Part of the run was through the Elazar “outpost.” This is an area that at one time the government of Israel said Jews could legally build their homes on. It’s not like there were Palestinians there who were thrown out of their homes. No, despite the news, such things are actually quite rare.

This land was “legal” until the government decided to deem it “illegal.” So it became one of those terrible collections of houses that the world thinks is the reason we are not sitting in a circle with our Palestinian neighbors singing “Kumbaya.” Yet, Jews being a bit stubborn, decided to build anyway. Despite constant lawsuits from left wing Jewish groups (“Piece Now”), they are still there.

We came around a bend and I could see Nachalin in the distance. Nachalin is an Arab village just a few kilometers away. It is not a nice place, being the hometown to a few notorious terrorists.

At night and in the morning, I can always hear their call to “prayers” and am quite glad that I don’t understand what they are saying. All those in America who think banning the words “militant Islam” from U.S. policy papers is a great idea, have probably never visited the lovely community of  Nachalin.

As I was looking over at Nachalin, I ran past a contingent of Israeli soldiers in full combat gear with M-16s. They were out making sure the neighborhood was quiet and no one seemed to give them a second notice.

I guess it’s just a strange part of life out here that we just accept the need to have combat soldiers guarding our runs. I don’t think the Palestinians ever send soldiers to guard their athletic competitions. Then again, I think they’re too busy singing songs ’bout killing Jews and other fun stuff to focus on athletics.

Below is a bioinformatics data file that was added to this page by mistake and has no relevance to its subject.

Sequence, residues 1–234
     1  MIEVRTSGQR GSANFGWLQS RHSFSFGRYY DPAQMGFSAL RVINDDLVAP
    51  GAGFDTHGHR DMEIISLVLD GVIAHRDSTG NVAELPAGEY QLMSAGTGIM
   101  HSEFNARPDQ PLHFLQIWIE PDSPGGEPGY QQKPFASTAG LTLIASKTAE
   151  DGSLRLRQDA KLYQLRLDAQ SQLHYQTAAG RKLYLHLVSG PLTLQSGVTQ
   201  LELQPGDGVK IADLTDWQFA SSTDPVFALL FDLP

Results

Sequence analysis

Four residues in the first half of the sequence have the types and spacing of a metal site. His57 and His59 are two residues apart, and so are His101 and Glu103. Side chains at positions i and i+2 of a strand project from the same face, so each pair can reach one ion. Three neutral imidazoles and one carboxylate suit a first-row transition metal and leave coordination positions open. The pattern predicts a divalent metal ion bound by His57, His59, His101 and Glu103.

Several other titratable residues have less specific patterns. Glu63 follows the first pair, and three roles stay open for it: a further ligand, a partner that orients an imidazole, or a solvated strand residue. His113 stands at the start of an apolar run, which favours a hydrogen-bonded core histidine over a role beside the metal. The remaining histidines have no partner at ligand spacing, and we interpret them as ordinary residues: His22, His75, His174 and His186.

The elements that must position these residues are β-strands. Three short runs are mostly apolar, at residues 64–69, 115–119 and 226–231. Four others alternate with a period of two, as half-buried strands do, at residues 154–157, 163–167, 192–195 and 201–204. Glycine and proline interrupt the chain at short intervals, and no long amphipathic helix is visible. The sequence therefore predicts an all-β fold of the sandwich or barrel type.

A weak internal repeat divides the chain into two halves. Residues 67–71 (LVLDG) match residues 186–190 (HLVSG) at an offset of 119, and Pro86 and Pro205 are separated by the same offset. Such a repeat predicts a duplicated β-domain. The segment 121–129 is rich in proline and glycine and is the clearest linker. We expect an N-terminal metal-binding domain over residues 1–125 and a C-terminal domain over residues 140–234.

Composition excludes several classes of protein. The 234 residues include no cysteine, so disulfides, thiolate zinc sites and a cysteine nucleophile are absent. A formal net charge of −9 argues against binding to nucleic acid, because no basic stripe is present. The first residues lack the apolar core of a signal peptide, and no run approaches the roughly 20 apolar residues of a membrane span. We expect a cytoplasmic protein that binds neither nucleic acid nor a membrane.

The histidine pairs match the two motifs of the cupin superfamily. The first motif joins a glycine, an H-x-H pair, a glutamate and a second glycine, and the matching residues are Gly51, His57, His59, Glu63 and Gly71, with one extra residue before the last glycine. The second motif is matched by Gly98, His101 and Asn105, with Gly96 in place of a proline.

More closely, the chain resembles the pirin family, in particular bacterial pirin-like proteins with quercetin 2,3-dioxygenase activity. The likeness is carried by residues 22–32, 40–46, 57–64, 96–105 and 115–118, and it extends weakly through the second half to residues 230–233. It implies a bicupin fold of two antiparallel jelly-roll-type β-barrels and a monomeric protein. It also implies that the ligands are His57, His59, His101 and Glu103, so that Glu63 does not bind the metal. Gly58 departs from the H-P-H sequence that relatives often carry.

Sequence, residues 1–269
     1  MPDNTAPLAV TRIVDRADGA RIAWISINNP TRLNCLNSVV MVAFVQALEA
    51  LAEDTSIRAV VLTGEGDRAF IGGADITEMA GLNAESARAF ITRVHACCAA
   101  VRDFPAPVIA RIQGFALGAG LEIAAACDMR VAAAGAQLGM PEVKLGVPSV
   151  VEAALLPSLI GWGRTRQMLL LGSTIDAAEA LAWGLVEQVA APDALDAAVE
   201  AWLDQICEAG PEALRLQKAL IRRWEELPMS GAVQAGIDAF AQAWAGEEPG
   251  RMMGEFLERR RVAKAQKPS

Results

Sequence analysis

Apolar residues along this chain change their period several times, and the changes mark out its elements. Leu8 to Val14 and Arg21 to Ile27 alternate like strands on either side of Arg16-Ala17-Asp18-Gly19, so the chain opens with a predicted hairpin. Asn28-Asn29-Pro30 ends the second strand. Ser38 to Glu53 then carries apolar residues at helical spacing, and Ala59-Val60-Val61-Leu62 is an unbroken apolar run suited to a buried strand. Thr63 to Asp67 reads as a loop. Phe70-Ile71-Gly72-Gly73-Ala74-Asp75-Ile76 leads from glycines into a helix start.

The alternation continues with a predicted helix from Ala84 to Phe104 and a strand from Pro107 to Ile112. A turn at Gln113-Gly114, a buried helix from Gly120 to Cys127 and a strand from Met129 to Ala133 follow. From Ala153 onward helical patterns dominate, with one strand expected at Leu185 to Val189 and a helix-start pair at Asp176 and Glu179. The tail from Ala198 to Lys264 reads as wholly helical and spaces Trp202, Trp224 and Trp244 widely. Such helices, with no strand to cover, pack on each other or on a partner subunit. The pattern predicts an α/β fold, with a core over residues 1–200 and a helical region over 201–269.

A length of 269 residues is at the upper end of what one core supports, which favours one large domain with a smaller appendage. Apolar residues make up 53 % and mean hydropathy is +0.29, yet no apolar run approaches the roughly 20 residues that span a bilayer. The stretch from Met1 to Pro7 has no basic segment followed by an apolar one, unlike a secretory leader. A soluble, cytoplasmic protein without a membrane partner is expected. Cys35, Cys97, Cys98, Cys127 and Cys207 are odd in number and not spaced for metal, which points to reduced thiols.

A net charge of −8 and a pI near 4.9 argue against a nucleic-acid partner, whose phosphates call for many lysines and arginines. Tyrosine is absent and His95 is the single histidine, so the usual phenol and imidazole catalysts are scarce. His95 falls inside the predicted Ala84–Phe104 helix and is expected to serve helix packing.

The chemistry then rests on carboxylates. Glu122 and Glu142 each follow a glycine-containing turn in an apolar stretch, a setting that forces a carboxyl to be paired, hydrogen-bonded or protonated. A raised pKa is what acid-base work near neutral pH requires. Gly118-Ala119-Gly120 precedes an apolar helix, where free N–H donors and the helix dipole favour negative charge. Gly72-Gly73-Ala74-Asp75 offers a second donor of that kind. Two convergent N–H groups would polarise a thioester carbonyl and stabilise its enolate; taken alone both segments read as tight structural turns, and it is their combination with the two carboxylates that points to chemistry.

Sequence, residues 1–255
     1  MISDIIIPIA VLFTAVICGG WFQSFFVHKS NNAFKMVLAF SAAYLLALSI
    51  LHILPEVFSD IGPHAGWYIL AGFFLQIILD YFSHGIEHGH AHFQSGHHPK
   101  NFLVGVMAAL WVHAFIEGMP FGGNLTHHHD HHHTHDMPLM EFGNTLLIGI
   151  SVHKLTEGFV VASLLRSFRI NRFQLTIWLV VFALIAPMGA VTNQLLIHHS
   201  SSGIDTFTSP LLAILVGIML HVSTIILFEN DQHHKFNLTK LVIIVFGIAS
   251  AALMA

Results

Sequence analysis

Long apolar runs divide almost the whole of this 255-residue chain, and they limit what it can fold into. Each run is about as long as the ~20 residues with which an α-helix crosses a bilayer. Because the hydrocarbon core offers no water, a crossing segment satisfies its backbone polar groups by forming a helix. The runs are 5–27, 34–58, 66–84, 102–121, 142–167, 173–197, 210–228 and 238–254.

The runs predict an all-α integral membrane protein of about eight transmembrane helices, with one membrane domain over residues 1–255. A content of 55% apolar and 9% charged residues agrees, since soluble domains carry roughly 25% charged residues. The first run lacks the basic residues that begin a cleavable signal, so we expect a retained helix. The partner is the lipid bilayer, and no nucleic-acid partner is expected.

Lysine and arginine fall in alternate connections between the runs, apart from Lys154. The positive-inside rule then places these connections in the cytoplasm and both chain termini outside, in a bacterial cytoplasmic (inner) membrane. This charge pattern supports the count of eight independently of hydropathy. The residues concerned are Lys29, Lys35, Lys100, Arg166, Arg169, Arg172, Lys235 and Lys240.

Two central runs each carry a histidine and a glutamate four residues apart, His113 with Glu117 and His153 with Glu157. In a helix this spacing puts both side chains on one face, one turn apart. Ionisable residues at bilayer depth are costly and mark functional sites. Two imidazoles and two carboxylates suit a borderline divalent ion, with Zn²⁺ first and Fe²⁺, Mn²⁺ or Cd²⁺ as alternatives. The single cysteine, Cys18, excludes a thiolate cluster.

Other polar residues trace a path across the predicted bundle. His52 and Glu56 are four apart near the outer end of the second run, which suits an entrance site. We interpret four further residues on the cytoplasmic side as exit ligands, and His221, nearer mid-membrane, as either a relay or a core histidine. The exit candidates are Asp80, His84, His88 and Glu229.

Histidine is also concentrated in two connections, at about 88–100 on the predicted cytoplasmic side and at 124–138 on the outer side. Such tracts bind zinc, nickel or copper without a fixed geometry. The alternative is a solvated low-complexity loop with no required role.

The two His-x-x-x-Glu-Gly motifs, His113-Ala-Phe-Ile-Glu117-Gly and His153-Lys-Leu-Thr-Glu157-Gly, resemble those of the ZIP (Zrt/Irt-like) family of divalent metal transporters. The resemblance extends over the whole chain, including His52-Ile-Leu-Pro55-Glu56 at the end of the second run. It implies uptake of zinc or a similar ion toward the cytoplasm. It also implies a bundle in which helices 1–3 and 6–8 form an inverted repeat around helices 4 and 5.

President Obama, is it really the Jews who are to blame for stalling the “Peace Piece Process?”

Ah, now I knew I was only a couple kilometers from the finish and with the sun out and some fun songs on the MP-3, I started to pick up the pace. I passed a number of people who were looking a bit green by this point. I think some of them were those whose feet kept hitting me in the mouth during the swim. Yep, didn’t mind passing them one bit.

At last I could see the finish line and really dug deep to cross in style. The event was part of the Gush Etzion Sports Championships that has been sponsored for eight years by my friend Yonaton Segal in honor of his father Zev. What a wonderful way to honor a loved one with an event that pulls hundreds of people from all of Israel together. I know that many of the athletes — especially the really good ones — would have no other reason to come out to the Gush.

I was quite pleased when I realized that my run had brought me up to eleventh place overall and second in the “over forty don’t know their age” division. But the real joy of such an event (and yes, you can be having fun even while grimacing) is not your exact place. It is to be able to embrace this special land and breathe in the holy air around us not from a car or lying around inside a house, but by pushing your body to the breaking point out in the hills.

Is there a finer way you could spend a Friday morning?

So what do you think? You coming next year? Didn’t you promise to do that at Pesach.

L’shana haba B’ Triatalon Gush Etzion Im Yarden

Shabbat Shalom from our Blessed Nation


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  1. cina says:

    Is there any way for them to post Mayer’s picture as (probably)the only 67 year old to finish the 10k–at 61.50 minutes?

    It would be nice to have his photo on their website or something?
    Do you know who to contact?